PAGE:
Simply, yes. Gobies--"goblins" can be good. I could be wrong (read more).
You've got to give the people what they want. This is the rule of DMing that I live by because: in any job, the customer is always right, or your boss is always right. I look at the DM as someone providing a service. I'm not saying you should overly suppress your creativity or rely on sensationalism because long-term, people won't enjoy that, IMO. But if someone is adamant that goblins can't be good, you only have two options:
- Accept that.
- Alienate the player.
Each player is relying on you to help her completely envelop herself in a fantasy world. Unless the player is skillful enough to make the dissonance organic to the world in her own mind, and the conflict intrinsic to the champion, you risk awakening the player from the fantasy!
As you go on DMing through your life, you will meet all kind of player, and each player will request a different style of DMing. It's best to always give way to more experienced DM's and to player requests because then, you can get another DM gig, and another, and another, and another, easily: just say "I know that style".
- Environment shapes behavior.
One thing students of Psychology learn in their Behavioral Shaping class (save for the students going to hack schools), is that "management" is always stronger than "insight". You can tell a consumer "you have this problem", and you can verify understanding, but it's highly unlikely that this will end in "behavioral extinction". Rather, an environmental change must be made--management.
- Having a consumer repeat: "I have a smoking problem". - Unsuccessful.
- Having the consumer's family participate in decreasing the number of daily cigarettes over time. - More successful.
Essentially, the environment shapes the organism; therefore, if goblins grew up in an area that nurtured goodness well, it's likely that many of them would be shaped into goodness.
- The evolutionary perspective
In our world, we find certain elements of psychology to be shared between most organisms. For example, if an organism is caused pain, it almost always reacts with violence. But as creatures become more intelligent, they become better able to control themselves despite antecedents.
Since Freud, and perhaps before (i.e., since the writing of Pandora), Psychologists have believed that humans have "evil" implicit behaviors. For example, from Freud, the Oedipus complex, and its counterpart, the Electra complex. It is also believed that we are naturally 'prejudice' towards those who look different from the ones we grow up around (due to the nature of our attributions of behaviors to prejudices).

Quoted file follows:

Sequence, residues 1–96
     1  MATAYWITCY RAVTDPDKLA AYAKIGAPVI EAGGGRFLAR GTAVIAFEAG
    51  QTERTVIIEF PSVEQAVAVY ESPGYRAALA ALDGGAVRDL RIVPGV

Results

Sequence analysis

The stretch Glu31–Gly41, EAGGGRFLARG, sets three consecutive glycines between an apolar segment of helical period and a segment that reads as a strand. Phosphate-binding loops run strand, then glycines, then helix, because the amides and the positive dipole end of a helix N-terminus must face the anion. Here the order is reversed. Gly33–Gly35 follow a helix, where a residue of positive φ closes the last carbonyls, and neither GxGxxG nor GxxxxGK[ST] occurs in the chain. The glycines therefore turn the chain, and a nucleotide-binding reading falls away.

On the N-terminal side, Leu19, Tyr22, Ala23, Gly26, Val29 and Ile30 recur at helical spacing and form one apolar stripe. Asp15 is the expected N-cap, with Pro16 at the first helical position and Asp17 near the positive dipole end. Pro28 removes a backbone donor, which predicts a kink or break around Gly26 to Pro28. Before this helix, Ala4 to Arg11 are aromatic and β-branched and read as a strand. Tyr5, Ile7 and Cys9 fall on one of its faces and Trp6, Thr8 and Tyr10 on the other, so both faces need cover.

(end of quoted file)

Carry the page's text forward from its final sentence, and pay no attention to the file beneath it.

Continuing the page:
That said, why shouldn't an intelligent organism such as a goblin be able to overcome its implicit desires/urges?
Background that says 'no'
The background info I find that says 'no' agrees well with the above. You can see, in
- Token: Goblins are often thought to symbolize the Nazi's--these were people brought up in an environment that nurtured evil. What can we blame other than the environment? We cannot blame humanity because we have not all done such atrocities. We cannot blame race because not all Germans have done such atrocities. Ah--we've already mentioned everything that can be connected to goblins (species and race). And this is really where DND goblins come from.
- Grimm: Goblins are the ghosts of the haunted forest, a force of death, and/or a devil. In the first case, 'haunting' is supposibly evil; in the second, 'a force of death' is one whose job is to cause death--causing death is evil; in the third, a devil has a purpose which it considers good, though most consider the purpose evil. Only in this last case can we assume that a goblin is beyond being good. This is the nature of taint: an affliction that ultimately leads to a party member's loss due to her becoming irreversibly evil.
I created an orc, adopted by monks, whose dream was to become a paladin. Although many spurned him with dry looks and unfair treatment, he had been trained since his adoption that the strength of his anger was an indication as to how much he must give himself to his deity and use his mind to overcome violence. The players really connected to him, and he was really really great for a hack-and-slash in Ravenloft. He went well with his Drunken Master mate, Rogue wife, and Archer/cartographer university adviser. It made for a wonderful story, too.
*But remember, there are always times it will be inappropriate to surprise a sensitive player with an out-of-the-ordinary combination like this! If you get complains, I recommend going with popular or other-participant consensus!